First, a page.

MCCAIN: Well...

VAN SUSTEREN: I mean, things that we not necessarily see. Is that leading or not?

MCCAIN: Well...

VAN SUSTEREN: We got -- we got a primetime address the other night!

MCCAIN: You know what is really leading?


MCCAIN: Is to say, Here's my plan. Here's what I want us to do.

VAN SUSTEREN: Has he ever put any plan up?

MCCAIN: Never! Never!

VAN SUSTEREN: Well, why do they keep saying that he has a plan?

MCCAIN: He has lectured. He's lectured. Maybe -- remember Richard Nixon had a plan to end the Vietnam war? This is the best one since then!


MCCAIN: He has not come forward with any specific plan. And maybe I'm wrong, but I remember presidents saying, Look, this is what we got to do, A, B, C, D and E. Now, my dear and beloved friend, Lindsey Graham, who's coming on here in a minute or two, may disagree with me. But one thing we're all in agreement on is the president is not leading! And the job of the president is to lead! So really, this issue may be decided by Boehner, McConnell...

VAN SUSTEREN: Well, you know what...

MCCAIN: ... and -- Boehner, McConnell and Reid.

VAN SUSTEREN: I thought that it was -- I did think it was rather disgraceful -- I mean, the poor president -- nor not the poor president, but the president got hit with the comment from the -- from the CBO that, We don't score speeches, which I thought that the CBO was saying that, Mr. President, you're not doing your work. I thought that was sort of the worst indictment of his performance on that.

MCCAIN: That was probably devastating to...

VAN SUSTEREN: I thought that was devastating.

MCCAIN: The CBO is nonpartisan.

VAN SUSTEREN: And that really -- that really did sort of, you know, slap the president down a little bit, like, Give us a plan. But the White House says it has a plan. I've not seen a plan. Ed Henry, who works with us, he hasn't seen (INAUDIBLE) keeps asking for it. Every time he does, he gets a little bit insulted, but...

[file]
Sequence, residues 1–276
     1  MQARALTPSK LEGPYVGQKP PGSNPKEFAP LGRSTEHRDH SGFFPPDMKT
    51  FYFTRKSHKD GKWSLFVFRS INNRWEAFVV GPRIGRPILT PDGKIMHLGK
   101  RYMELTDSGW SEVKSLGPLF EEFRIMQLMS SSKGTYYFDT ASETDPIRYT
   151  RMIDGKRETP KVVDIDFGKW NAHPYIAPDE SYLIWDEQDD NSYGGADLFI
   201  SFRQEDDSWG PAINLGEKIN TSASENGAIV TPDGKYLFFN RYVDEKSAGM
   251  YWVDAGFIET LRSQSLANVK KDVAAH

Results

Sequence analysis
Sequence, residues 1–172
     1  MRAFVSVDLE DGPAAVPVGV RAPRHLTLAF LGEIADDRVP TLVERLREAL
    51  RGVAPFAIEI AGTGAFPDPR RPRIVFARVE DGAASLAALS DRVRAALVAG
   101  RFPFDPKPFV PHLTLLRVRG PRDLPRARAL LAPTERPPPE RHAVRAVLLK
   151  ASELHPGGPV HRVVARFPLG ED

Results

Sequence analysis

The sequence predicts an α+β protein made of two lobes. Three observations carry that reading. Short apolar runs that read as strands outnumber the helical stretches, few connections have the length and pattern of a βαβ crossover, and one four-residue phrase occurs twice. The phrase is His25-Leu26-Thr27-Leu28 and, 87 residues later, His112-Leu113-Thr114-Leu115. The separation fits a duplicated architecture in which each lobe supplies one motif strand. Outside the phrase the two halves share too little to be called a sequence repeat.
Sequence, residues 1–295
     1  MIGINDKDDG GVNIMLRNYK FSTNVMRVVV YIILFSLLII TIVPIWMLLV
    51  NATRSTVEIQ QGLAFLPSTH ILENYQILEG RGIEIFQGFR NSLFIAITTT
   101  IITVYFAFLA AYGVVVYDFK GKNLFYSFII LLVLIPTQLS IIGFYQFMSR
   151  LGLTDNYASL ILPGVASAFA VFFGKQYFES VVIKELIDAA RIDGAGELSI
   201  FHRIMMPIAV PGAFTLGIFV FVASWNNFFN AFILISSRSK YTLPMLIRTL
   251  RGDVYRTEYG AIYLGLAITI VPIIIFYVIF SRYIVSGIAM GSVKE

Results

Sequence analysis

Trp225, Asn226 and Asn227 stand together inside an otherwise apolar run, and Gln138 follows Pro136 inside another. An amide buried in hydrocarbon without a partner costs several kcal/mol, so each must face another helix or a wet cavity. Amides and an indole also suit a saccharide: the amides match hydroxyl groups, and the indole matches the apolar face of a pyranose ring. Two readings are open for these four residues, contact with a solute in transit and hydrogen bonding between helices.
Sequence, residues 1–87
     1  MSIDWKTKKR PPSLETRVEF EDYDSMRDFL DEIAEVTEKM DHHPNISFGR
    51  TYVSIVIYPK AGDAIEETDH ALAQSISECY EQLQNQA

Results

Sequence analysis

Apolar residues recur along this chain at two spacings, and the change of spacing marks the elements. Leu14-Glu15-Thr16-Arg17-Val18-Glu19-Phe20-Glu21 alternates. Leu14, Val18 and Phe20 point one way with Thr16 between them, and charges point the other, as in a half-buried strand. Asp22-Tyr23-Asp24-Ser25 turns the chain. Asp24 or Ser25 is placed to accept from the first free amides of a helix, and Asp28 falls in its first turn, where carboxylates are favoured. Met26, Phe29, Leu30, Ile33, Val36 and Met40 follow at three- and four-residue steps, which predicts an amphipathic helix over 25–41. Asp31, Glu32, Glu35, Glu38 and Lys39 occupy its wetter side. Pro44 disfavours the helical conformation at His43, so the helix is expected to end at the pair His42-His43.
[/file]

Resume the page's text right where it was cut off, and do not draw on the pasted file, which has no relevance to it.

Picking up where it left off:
VAN SUSTEREN: But I mean...

MCCAIN: I just want to point out one other thing, Greta. I was around in 1995. We shut down the government. I remember them turning people away from the Grand Canyon, and people were up in arms. One, we shouldn't shut down the government. We shouldn't do that to the American people.

And number two is, this country, the greatest country in the world, should not default on its debts! And to somehow say that, Well, we can prioritize and we can pay this bill and that bill -- the reality is, if you don't have 40 percent of the money to pay your debts, then something is going to happen that's bad. And the markets, I'm afraid -- I'm very much afraid, I hope not -- may react in a very unpleasant fashion.

VAN SUSTEREN: I'm curious. Did President Clinton handle that differently than President Obama?

MCCAIN: Well, he was much more engaged. I mean, he didn't give a lot of speeches. He gave some. But he was totally engaged, if you remember. I mean, he was one on one. You know, one thing about President Clinton -- and I say this -- we disagreed on a lot of things. When he was in the room, he was the smartest guy in the room on that issue, and that's the way he handled the '95 crisis. And frankly, it was a disaster for Republicans, as you might recall.

VAN SUSTEREN: Senator, thank you. And of course, we're standing by, waiting to hear what the House of Representatives -- we think there's going to be a vote right next door, but we're standing by...

MCCAIN: They'll pass it.

VAN SUSTEREN: You think they're going to...

MCCAIN: They'll pass it. And tomorrow, we'll have another day.

VAN SUSTEREN: You say they're going to pass it. Well, we're just standing by. Something's going to happen. We're following it as close as we can. Thank you, sir.